Solar energy vs fossil fuels: How do they compare?

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fossil fuels vs solar energy

If you've been following the ongoing battle between solar energy vs. fossil fuels, it might seem like the predominant resources on which the global economy depends – oil, coal, and natural gas – will be completely phased out of existence in the near future. In reality, these resources still power most of the planet,  while renewable resources like solar and wind only contribute some two to three percent of global energy capacity. This reality check begs the following question: how does solar really stack up against fossil fuels, and why is there so much excitement about the growth of solar?

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In terms of environmental impact, solar power is a much more optimal resource than fossil fuels. In terms of reliable application, coal, and natural gas have the edge. The ultimate way to compare solar energy to fossil fuels is by cost, where solar has quickly caught up with its non-renewable counterparts.

Comparing the cost of various energy sources is far from simple. Government subsidies play a major role in shaping the growth potential for a new power source, which means that making an "apples to apples" comparison of the costs of solar energy vs. fossil fuels side-by-side is a complicated task.

The nations of the Group of Twenty (G20) may have agreed to begin phasing out fossil fuels in 2009 due to their inefficient and polluting qualities, but not every G20 member is following through on its word. According to Oil Change International's report, while the G20 makes up more than 85% of global GDP, these top economies are spending $452 billion every year to subsidize fossil fuels.

Curious to know who is the largest contributor to fossil fuel subsidies in the world? The answer is right here at home. The United States has continued to subsidize fossil fuels at a higher rate than any other nation in the world, even under the environmentally progressive Obama Administration. With fossil fuel advocates already lined up for the incoming Trump Administration, the next era of American energy will likely continue on its same course of heavy fossil fuel subsidization.

When we compare the cost of solar energy vs. fossil fuels, we have to factor in the relative subsidies that are keeping costs low. In the case of solar power, the Investment Tax Credit (ITC) currently covers 26 percent of any U.S. solar installation.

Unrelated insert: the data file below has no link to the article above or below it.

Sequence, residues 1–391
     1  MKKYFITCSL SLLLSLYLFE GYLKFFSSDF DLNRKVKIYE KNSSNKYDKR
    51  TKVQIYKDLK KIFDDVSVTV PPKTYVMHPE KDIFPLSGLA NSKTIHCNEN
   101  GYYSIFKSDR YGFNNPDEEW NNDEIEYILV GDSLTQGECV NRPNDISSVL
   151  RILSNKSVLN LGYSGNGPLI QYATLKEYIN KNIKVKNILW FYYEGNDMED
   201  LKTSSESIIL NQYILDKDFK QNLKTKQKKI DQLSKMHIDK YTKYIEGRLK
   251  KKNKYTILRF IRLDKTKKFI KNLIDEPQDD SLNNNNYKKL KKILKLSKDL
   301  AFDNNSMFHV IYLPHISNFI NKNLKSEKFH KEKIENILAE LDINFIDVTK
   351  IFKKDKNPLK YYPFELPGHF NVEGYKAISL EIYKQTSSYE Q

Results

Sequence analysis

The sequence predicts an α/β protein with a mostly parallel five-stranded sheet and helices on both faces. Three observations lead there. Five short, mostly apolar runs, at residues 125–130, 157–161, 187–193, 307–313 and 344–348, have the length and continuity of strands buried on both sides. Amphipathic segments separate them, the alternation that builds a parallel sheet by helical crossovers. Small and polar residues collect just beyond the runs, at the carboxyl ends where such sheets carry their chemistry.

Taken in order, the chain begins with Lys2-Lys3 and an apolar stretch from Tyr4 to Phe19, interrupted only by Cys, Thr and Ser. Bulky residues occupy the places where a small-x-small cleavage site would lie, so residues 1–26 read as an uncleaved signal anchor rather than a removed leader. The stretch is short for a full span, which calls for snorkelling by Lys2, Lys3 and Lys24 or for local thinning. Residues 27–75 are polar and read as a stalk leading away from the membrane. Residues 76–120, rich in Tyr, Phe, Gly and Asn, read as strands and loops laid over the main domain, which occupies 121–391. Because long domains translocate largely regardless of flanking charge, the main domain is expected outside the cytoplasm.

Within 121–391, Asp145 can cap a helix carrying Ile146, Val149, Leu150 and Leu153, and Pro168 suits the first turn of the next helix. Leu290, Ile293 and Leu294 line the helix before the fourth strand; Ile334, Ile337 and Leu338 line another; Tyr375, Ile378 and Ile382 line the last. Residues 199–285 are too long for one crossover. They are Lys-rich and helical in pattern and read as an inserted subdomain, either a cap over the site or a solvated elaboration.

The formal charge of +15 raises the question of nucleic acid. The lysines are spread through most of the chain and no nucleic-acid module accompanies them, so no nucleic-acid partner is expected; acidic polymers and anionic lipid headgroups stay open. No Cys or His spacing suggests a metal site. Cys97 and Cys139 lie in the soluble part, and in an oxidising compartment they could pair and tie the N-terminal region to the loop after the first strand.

While renewable energy skeptics have criticized the ITC for being a costly taxpayer-funded stimulus, the reality is that this short-lived subsidy represents only a small fraction of the money that U.S. taxpayers are spending each year to subsidize fossil fuels. Without any subsidies, solar is likely the cheapest energy source in the world, as demonstrated by record low power purchase agreements in countries like the United Arab Emirates and Chile. And solar's low-cost trajectory is likely to continue: unlike oil, gas, and coal, solar PV is a technology, not a fuel – meaning that its costs will continue to fall every year as research continues and technology improves.

The best way to compare solar energy and fossil fuels without subsidies is to examine global energy prices. Consider this: global coal prices have historically averaged 0.06 cents per kilowatt-hour (kWh). Until the past decade, no alternative energy resource came close to rivaling that price. Fossil fuel steam averages around 0.05 cents/kWh, and small-scale natural gas can go as low as 0.03 cents/kWh. It's no wonder that the world was shocked in 2016 when a major commercial solar installation bid an extremely low price for PV at 0.029 per kWh – effectively leveling the playing field between solar and fossil fuels' cheapest offerings.

As a result, the discussion of whether solar is cheaper than coal has already become an outdated debate. Today, energy companies are developing solar PV projects that can deliver energy at half the cost of coal, and that's without factoring in the costly negative impacts of coal – such as heavy carbon pollution, strip mining, and mountaintop removal.